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Arch Iran Med 2010; 13 (2): 126 – 134

Original Article

Correlation between Bispectoral Index and Predicted Effect-site Concentration of Propofol in Different Levels of Target-Controlled, Propofol Induced Sedation in Healthy Volunteers •

Naser Yeganeh MD *, Bahman Roshani MD*, Afshin Almasi MSc**, Nasim Jamshidi *** Introduction: Bispectral Index is an objective tool to assess electroencephalographic activity and measure the effect of certain sedatives and hypnotics on the brain. In addition, there are certain subjective tools such as the observer's assessment of alertness and sedation which are used. The correlation between BIS and the concentration of propofol in the brain, and the relationship between these subjective and objective tools in assessing sedation levels are the subject of this study. Methods: Thirty healthy volunteers enrolled in this prospective observational study. They were sedated with a target controlled infusion of propofol with an initial target of 0.8 μg.mL-1 and an -1 increase in target to 0.2 μg.mL ten minutes after equilibration of the predicted and set target concentrations. In each sedation score, the Bispectral Index value and predicted effect site concentration of propofol were recorded and analyzed. Analysis of variance and significant differences between groups were analyzed by paired t-test. Correlations between Bispectral Index and effect site concentration of propofol at each sedation score and the relationship of BIS and effect site concentration of propofol to each sedation score were assessed and analyzed by nonparametric Spearman's rho (ρ). Results: The means of Bispectral Index and effect site concentration of propofol at each sedation score showed a significant difference with the following score. Additionally, Bispectral Index and effect site concentration of propofol showed a significant negative correlation in sedation scores 3 and 2 when inducing sedation. In other sedation scores or when reversing the sedation, no strong correlation was noted. Conclusion: Both Bispectral Index and effect site concentration of propofol indicate a good estimate of sedation levels; however their correlations are significant and negative only at moderate and deep sedation levels, and during the induction of sedation. Archives of Iranian Medicine, Volume 13, Number 2, 2010: 126 – 134.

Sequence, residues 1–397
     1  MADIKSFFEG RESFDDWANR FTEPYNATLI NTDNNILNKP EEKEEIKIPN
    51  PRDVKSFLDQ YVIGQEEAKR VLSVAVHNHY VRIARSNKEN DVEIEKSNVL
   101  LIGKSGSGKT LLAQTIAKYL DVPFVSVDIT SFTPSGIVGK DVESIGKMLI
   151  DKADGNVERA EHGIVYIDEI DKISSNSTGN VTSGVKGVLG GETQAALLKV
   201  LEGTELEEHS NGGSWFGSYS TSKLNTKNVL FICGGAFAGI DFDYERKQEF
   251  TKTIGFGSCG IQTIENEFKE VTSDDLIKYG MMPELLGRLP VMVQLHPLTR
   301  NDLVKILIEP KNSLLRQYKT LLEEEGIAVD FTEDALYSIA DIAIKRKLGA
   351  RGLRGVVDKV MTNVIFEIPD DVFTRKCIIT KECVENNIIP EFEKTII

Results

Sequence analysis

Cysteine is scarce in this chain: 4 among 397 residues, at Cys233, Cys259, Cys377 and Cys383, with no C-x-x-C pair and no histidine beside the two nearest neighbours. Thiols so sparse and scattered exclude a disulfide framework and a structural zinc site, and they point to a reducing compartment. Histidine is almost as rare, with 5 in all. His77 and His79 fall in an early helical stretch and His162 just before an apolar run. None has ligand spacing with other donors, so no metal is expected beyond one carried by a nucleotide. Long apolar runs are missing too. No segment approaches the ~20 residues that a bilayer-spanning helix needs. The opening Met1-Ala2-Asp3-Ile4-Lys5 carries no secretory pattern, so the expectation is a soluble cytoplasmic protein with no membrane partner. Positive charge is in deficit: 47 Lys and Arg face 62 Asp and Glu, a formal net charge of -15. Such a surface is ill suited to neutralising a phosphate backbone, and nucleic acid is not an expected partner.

Keywords: Bispectral Index  Observer's Assessment of Alertness and Sedation (OAA/S)  propofol  sedation  target-controlled infusion

Introduction

I

t is a relatively common misconception amongst non-anesthesiologist physiccians that sedation is safer than general